Reflections from the 2020 China Census: A Silver Tsunami, A Reluctant People

Insights on official responses and online reactions

July 13, 2021 | By Christine Ow, 2021 Summer Intern; Marisa Lim, 2021 Spring Intern, Bridge Consulting

At the end of 2020, the Chinese government conducted a once-in-a-decade demographic survey known as the National Population Census of the People’s Republic of China, or the China Census for short. This is the seventh census to be conducted since its implementation in the 1950s. Results from the census released in May this year gave us some interesting insights into China’s gender “re-balance” and increasing literacy rates. However, arguably, the most talked-about finding that came out of the census is China’s slowing population growth, contributing to an increasingly apparent phenomenon of an aging China. This World Population Day, we take a deeper look into this trend, from the numbers to official and public reactions, and finally the potential consequences of an aging China. What will happen as one of the largest economies’ workers start growing older?

Key findings of the 2020 Population Census

With data now publicly available, China can now confirm concerns over its declining birth rate and aging population. It is of no wonder why China’s Seventh National Population Census sparked a slew of discussions both in the media and on social media. Here are some key findings that were most talked about:

Slowest population growth in the last decade. Ever since the one-child policy was introduced in the late 1970s, population growth has gradually slowed in China, but not at such rates seen in the past decade; China’s population increased 5.38% to 1.41 billion, making this the smallest growth since modern census-taking began in 1953. China narrowly missed a target set in 2016 to boost its population to 1.42 billion by 2020.

Urbanization rate continues to grow. As China continues to relocate people from rural to urban areas, alongside its industrialization and digitization plans, the urban population has surged from 49.7% in 2010 to 63.9% in 2020. The continuous increase in urbanization has inadvertently increased the costs of living in China, contributing to the financial difficulty associated with raising a family.

Average family household size continues to decrease. With urbanization rates and costs of living increasing, the size of the average family household has decreased continuously over the years. The average number of people living in a Chinese household has decreased from 3.1 in 2010 to 2.6 in 2020.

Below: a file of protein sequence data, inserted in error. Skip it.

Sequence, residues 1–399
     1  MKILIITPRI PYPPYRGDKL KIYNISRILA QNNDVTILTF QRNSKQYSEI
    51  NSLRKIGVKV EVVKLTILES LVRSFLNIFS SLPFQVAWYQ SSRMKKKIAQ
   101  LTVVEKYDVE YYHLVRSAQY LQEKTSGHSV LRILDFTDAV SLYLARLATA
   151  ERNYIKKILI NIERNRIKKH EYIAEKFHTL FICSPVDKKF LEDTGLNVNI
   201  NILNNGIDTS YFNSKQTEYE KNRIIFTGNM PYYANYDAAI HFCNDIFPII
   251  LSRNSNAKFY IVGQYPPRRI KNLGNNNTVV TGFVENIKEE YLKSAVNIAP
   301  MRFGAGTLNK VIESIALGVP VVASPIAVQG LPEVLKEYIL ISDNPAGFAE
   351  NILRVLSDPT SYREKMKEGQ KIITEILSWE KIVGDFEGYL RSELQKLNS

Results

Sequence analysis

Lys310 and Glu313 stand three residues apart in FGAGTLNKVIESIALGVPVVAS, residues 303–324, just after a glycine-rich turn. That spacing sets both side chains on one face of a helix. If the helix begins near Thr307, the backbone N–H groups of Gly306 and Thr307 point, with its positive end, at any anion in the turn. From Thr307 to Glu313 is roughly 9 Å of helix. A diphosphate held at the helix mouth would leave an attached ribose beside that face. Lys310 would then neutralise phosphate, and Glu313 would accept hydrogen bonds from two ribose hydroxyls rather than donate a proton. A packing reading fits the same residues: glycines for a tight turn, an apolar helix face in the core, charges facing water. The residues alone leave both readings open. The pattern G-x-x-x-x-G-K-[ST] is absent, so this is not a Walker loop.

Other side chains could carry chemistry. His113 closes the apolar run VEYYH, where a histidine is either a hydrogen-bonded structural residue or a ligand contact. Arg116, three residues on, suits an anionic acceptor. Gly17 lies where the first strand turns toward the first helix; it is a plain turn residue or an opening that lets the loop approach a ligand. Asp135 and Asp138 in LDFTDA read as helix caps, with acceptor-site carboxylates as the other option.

Official Responses to Census Findings

After the official release of the Census, official press conferences were held in cities all over China to address questions from media outlets. With a focus on concerns over China’s aging population, government officials had the following responses:

Chinese seniors are embracing e-payments and e-commerce with WeChat classes. Source: Sixth Tone

An aging population also presents opportunities for China. Apart from the financial challenges that confront families and public services, officials stated that China’s aging population will also open doors for the development of the “silver economy”. While the elder care sector remains a huge part of this economy, with more seniors getting accustomed to digital technology, they have also become a significantly large customer segment in the e-commerce world.

As the workforce shrinks in quantity, its quality must increase. Officials have emphasized the importance of high-quality labor resources over quantity, stating that more working adults are obtaining higher levels of education and leading healthier lives. Coupled with increasing technological innovation in China, the increasing quality of China’s workforce is expected to increase productivity levels nationwide, thereby accounting for the shrinking workforce.

China’s urbanization rates and floating population will continuously increase. China’s floating population (流动人口), which accounts for its inland migrant population, currently makes up over one-third of the total population. With these factors leading to increased costs of living, Chinese household sizes are expected to continuously decrease. Officials stated that this trend is the result of increased economic and social development of rural regions in China and will keep up as China continuously develops.